National Museum of Modern Art Osaka

Osaka's underground art treasure

By Christie Petrakopoulou    - 3 min read

Originally built in 1977, this museum became Japan’s fourth national museum along with the National Museums of Modern Art in Tokyo and Kyoto and the National Museum of Western Art in Tokyo. The main objective was to collect and display artworks from both Japanese as well as foreign artists. However, the museum at the beginning faced storage and aging facilities problems. Thus, it was relocated from its original setting to a new completely underground facility in the Nakanoshima district of Osaka in 2004.

Due to donations over the years, the National Museum of Art, Osaka managed to secure a wide collection of 6,109 artworks as of March, 2011. The museum’s collection consists of: paintings, posters, prints, watercolors, sketches, photographs, sculptures, works made from paper, crafts, and a small amount of design works such as furniture.

With one floor and three basement floors the museum is an underground art paradise. The exterior glass design that decorates the museum is inspired by the form of bamboo and by the development and fostering of contemporary art.

The museum’s facilities also include a kids room, a restaurant, a media corner, rest rooms and a lecture hall apart from the basic facilities that every museum has. The permanent collection is divided into four parts and changes every four or five months. Until the 7th of December, visitors can see Jean Fautrier’s artworks. He was a French post-war artist and this is the first time ever his work has been exhibited in Japan, marking the 50th anniversary of his death. The artist is famous for creating beautiful textures by using thick layers of paint and thick lines.

Photographs:

If visitors follow the museum's rules (explained to you at the information desk), taking photographs is permitted.

Opening Hours and Admission:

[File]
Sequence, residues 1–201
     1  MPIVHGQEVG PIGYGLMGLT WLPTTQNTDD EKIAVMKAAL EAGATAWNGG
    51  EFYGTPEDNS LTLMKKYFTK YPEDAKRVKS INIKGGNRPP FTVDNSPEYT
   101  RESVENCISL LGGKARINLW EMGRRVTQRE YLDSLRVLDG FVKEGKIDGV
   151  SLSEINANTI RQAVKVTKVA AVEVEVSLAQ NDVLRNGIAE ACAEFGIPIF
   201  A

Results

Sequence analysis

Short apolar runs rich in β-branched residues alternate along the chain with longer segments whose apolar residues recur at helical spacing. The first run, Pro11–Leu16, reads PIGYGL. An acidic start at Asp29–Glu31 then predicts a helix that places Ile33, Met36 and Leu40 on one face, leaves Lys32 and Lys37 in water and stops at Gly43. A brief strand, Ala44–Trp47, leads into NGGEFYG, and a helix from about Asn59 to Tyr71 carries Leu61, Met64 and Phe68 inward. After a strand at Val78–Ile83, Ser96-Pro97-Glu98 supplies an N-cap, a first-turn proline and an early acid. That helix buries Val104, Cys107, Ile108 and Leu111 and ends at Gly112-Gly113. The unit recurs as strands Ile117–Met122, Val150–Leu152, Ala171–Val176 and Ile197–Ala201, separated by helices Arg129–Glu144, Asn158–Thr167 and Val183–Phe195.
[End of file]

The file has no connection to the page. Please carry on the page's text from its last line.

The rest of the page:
The National museum of Modern Art in Osaka is closed on Mondays (Tuesdays when Monday is a national holiday) and while the exhibitions are changing. Tuesdays to Thursdays is open from 10.00 to 17.00 and on Fridays until 19.00.

The admission fee for the permanent collection is ¥430 for adults and ¥130 for 
University students. Visitors under 18 years old, seniors (65 and over) and disabled people with one attendant can enter for free.

For special exhibitions, the admission fee varies.

Admission Free day

  • Collection 1: 7 Jun., 5 Jul., 2 Aug., 6 Sep., 2014.

  • Collection 2: 4 Oct., 1 Nov., 3 Nov., 15 Nov., 16 Nov., 6 Dec., 2014.

  • Collection 3: 10 Jan., 7 Feb., 7 Mar., 2015

Access:

The easiest ways to reach the museum by train are:

  • A 5-minute walk southwest from Watanabebashi Station (Exit 2) on the Keihan Nakanoshima Line.
  • A 10-minute walk west from Higobashi Station (Exit 3) on the Yotsubashi Subway Line.
  • A 10-minute walk south from Fukushima Station on the JR Loop Line, and Shin-Fukushima Station (exit 2) on the JR Tozai Line on a 10 minutes walk.
  • A 10-minute walk south from Hanshin Fukushima Station.
  • A 15-minute walk west from Yodoyabashi Station on the Mido-Suji Subway Line, and Keihan Yodoyabashi Station.

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Christie Petrakopoulou

Christie Petrakopoulou @christie.petrakopoulou

Hi! My name is Christie and I’m a journalist/blogger. Originally from Athens, Greece but living in Stockholm, Sweden I’m doing my Masters in Media and Communication Studies at Stockholm University. For one year I’ll be living and traveling around Japan in search of new challenges and experiences. I am a Japan, dance and life enthusiast. I believe in traveling, positive energy and the power of ice-cream. I love telling stories. Stories are not only for children but for adults too! In my world stories can be told with words, photos and videos.  What do I do? I photograph and video shoot as I go. Basically my everyday life could be summed up in an endless series of pictures. I believe that photographs and videos are all about story-telling. Recreating real life inspired stories through my photographs, videos and texts is what inspires me the most and keeps me going.

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Elena Lisina 5 months ago
I like such architecture!